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Bam! Another one off the bucket list.

OLYMPUS DIGITAL CAMERAMany, many years ago I heard a person say, “Do what you want to do if it is neither illegal nor dangerous.” I embodied that message, and for me, a dog show falls in that category. I’ve always wanted to go to one. I don’t know why. This was one of those wants that wasn’t a high priority but was always there niggling in the back of my head.

A dog show falls into, “Oh, that’s different” category. I mean, who goes to dog shows? Exactly.

When a family has so many options for weekend activities, a dog show could end up being too piddling of a niggle to ever come to fruition.

The funniest dog show our family has ever stumbled on was years ago at the Minnesota State Fair when we chanced upon an agility contest in the round barn. Agility is the ultimate game for a dog and its handler. I’ve always hoped that lucky accident would repeat itself, but it never happened again.

OLYMPUS DIGITAL CAMERAJody has been interested in participating in dog agility shows. But, the closest we have come to being a contender is Jody teaching the dog to roll over and to shake hands. All my research shows that this does not make us a contender.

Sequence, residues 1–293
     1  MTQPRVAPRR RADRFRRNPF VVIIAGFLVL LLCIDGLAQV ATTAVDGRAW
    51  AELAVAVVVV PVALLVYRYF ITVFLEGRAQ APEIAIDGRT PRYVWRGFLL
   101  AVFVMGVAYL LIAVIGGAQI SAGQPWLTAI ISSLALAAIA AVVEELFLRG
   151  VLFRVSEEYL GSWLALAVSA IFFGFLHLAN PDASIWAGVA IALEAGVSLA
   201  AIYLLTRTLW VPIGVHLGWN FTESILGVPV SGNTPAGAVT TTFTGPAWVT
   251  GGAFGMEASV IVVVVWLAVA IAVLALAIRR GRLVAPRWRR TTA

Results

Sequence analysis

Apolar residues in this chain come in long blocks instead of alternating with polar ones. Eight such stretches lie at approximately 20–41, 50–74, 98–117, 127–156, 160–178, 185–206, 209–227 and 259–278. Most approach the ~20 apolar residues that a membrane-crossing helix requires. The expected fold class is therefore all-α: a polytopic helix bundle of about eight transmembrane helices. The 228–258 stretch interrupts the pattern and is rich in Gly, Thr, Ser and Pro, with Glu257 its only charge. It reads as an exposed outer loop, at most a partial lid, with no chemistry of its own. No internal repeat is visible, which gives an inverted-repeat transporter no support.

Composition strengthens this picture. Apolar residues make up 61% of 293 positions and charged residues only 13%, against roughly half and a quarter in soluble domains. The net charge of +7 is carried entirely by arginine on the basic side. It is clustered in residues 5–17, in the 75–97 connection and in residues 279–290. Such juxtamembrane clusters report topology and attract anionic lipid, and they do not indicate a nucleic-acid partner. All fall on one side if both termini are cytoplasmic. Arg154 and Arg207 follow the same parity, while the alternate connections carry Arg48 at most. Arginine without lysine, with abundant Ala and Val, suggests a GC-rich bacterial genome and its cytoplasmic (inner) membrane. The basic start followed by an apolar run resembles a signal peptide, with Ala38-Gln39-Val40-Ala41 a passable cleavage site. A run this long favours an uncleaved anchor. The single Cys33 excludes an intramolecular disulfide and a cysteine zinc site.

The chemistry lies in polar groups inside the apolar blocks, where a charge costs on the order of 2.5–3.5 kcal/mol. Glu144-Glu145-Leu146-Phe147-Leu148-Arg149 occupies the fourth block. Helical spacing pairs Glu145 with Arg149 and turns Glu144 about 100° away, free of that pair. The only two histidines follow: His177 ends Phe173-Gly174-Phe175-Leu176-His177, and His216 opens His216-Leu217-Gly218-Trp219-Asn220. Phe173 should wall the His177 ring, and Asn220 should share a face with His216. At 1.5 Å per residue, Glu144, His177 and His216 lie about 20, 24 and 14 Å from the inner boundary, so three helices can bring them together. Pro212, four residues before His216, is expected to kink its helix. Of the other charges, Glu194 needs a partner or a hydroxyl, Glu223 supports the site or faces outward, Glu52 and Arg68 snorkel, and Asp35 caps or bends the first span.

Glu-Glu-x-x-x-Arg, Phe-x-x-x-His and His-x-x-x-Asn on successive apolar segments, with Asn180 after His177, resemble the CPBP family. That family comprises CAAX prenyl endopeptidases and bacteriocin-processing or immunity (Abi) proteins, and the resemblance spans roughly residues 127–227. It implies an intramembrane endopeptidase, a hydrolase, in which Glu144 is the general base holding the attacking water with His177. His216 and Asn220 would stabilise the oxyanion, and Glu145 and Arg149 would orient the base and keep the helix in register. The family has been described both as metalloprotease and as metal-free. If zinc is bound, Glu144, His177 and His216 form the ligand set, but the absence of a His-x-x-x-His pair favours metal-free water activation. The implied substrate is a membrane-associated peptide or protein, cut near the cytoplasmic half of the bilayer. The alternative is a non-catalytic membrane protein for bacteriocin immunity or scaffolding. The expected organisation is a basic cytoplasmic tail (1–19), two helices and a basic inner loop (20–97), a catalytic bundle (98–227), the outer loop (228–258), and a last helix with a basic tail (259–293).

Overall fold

As you can tell already the ‘dog show sport’ only interests me as an observer and if I was ever going to get to a dog show, I would need to be purposeful.

In the Sunday paper I saw the advertisement: Land O’Lakes Kennel Club presents its annual dog show at Saint Paul RiverCentre from Friday – Sunday, January 3-5.

I could take care of a niggling want once and for all!

More than 2,000 purebred canines – from big to small, hunting to herding, working and terrier, and even lap dogs – would compete for American Kennel Club (AKC) awards.

It sounded exciting. I probed the Internet to see if I could find the schedule so the day could actually be a planned outing.

A schedule was not to be found.

OLYMPUS DIGITAL CAMERAStill, I planned, I even dealt in a little subterfuge with Jody, and we kept our outing from Antonio and Crystel until we were on our way to St. Paul. The only thing they could get out of me was that it was spelled d. o. g.

Now that the event is over, I need to tell you that the excitement was not the dog show itself but our clandestine approach to the event, the traveling in the car to St. Paul, parking in the RiverCentre parking ramp, and cartwheeling our way to the show.

A dog show is one of those things that you don’t have to do again. I kept wanting a bit more. But, a bit more was not to be had. You could say that it was all fluff and prettiness. None of the dirt and grit that I love.

OLYMPUS DIGITAL CAMERAWhat was most interesting about the dog show is that I saw two other writers who were checking out the show. That’s who go to dog shows? Writers? I made the most of it and introduced  my family to Stephanie Wilbur Ash and Geoff Herbach. Every opportunity I have I point out to Antonio and Crystel that real people write books. “Can you believe it,” I said, “You are standing next to I’M WITH STUPID and STUPID FAST?”

This year, if your want isn’t illegal or dangerous, go for it! Just make sure you enjoy the ride. That might be your take-away.